The Super Bowl is now two days removed but most assuredly it is still a topic of discussion among sports fans and marketers alike as we discuss the highs and the lows from the play on the field and off it on their mobile device, via social media and of course around the good old water cooler.

For the record I did predict the Ravens would beat the Niners in Super Bowl XLVII. I had the final score at 31-27 but hey, I was close enough. And no, I had no great insight, I just figured the Ravens would find a way to win, which they did.

So while the sports fan in me would love to write a piece about the game itself and specifically why I think the Ravens won, in this forum and in this context, the name of the game is branding and advertising. I’m sure each of you have your own personal favorites or perhaps you’re like me and were not “blown away” by any one particular spot

Before I get to the one brand I think both won AND lost in Super Bowl XLVII, let me not-so-gently remind everyone that in reality we don’t what spot won or lost and we won’t know for some time.


Because we don’t know the financial impact any one spot has had on any one brand, yet. It’s simply much too early to tell.

So with that caveat, let me tell you which brand I thought came out both the winner AND loser in the Super Bowl.

Anheuser Busch.

They won, big time, with this spot:

Anytime you tug on the emotional heartstrings of the consumer/viewer, you win in my book. Many reports are stating this commercial scored big with women, too, AKA the most powerful brand ambassadors in the world. Another win. Sure the Clydesdales are nothing new but they took a tried and true theme and did something different with it all the while bringing a tear to your eye. And yes you did tear up so don’t even go there.

So a big win there for the Anheuser Busch brand with the above spot.

But a big loss for the Anheuser Busch brand with this one.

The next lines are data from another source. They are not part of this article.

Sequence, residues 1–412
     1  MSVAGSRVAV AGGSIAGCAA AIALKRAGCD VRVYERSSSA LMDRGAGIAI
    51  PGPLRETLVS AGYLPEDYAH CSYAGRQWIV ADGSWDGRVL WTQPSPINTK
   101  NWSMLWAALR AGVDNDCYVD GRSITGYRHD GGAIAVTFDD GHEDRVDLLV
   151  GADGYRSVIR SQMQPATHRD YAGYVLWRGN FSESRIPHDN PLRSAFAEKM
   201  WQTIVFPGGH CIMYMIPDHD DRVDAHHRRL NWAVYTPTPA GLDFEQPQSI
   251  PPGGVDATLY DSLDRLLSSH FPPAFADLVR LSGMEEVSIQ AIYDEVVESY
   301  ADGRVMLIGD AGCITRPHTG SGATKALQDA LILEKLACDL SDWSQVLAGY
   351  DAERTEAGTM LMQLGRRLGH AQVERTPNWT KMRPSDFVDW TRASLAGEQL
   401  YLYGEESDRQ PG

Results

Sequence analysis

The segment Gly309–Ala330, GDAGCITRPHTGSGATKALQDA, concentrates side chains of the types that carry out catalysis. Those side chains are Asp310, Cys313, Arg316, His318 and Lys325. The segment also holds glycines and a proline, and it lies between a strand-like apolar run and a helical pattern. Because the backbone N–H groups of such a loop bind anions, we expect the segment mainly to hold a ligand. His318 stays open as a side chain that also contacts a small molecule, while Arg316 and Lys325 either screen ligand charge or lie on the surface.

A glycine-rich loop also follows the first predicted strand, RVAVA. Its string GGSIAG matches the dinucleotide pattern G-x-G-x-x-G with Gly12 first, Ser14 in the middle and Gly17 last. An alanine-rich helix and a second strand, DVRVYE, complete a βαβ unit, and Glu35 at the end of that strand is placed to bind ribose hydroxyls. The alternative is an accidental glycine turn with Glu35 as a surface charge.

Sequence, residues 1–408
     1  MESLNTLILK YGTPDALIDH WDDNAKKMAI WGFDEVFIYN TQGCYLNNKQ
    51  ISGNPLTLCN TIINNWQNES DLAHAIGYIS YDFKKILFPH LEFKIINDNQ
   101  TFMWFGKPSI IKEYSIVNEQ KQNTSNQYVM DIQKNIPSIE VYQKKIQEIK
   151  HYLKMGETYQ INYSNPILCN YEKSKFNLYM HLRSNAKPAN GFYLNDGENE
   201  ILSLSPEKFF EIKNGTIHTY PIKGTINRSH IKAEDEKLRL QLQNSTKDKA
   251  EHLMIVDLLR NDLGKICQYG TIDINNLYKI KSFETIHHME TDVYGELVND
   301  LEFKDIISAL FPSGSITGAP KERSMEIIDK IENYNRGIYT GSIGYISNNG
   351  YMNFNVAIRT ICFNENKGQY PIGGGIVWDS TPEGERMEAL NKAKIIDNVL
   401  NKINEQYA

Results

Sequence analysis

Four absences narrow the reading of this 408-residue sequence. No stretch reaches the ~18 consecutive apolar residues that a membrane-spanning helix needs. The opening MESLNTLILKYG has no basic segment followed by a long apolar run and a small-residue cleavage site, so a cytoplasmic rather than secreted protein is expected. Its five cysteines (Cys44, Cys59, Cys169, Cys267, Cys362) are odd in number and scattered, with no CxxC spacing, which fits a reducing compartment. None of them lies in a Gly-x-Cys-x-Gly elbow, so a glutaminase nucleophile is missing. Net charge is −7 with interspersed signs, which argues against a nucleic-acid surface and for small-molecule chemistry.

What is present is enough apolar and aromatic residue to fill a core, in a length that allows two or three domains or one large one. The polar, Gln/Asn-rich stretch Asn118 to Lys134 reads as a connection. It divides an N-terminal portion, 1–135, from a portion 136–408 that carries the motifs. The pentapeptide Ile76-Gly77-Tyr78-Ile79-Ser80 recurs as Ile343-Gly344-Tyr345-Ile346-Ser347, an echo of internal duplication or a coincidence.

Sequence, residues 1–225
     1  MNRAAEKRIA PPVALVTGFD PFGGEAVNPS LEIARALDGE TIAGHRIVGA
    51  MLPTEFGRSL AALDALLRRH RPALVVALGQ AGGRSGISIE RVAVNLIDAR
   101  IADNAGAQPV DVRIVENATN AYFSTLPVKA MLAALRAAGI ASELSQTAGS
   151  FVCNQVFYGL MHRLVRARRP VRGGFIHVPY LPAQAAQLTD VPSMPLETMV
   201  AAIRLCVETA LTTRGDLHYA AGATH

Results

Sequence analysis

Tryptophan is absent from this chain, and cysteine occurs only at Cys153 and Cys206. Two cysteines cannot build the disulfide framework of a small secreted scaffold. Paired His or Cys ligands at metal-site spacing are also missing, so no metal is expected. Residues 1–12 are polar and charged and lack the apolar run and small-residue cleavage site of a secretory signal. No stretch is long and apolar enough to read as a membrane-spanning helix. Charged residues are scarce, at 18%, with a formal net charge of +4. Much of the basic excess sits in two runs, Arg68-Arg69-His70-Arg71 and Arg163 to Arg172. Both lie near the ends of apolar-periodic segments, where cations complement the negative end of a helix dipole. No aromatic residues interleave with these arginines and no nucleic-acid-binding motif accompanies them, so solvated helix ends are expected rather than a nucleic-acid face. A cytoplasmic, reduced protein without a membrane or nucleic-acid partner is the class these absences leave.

In his column yesterday, Forbes writer Patrick Rishe labels it the “least impressive commercial release” writing “There was no flash, but no play on emotion either.  Just a routine pitch to what appears to be an upscale market. Very basic and unimaginative.”

I agree completely with Patrick and would add that this commercial was a) way off brand – this is Anheuser Busch/Budweiser here, not Dom Pérignon for crying out loud. I would also add that it b) looked and felt way too much like this commercial from Heineken.

I know it is not exactly the same thing people but you get my point, at least I hope you do which is this spot for Budweiser Black Crown is very predictable and recognizable and misses the brand market by miles, that is unless Budweiser is shooting for a much more high-end consumer.

Time Will Tell

Of course, as I previously mentioned, we do not know the impact on the bottom lines for each respective brand, yet. Who knows maybe the Budweiser Black Crown ad will be a huge success at the checkout line.

I doubt it very highly but hey, I’ve been wrong before.

Ok what sayeth you?

I know you have opinions on this years Super Bowl TV commercials, tell me what you think.

Which ones did you love, hate, could care less about?

Image credit: Getty Images via @daylife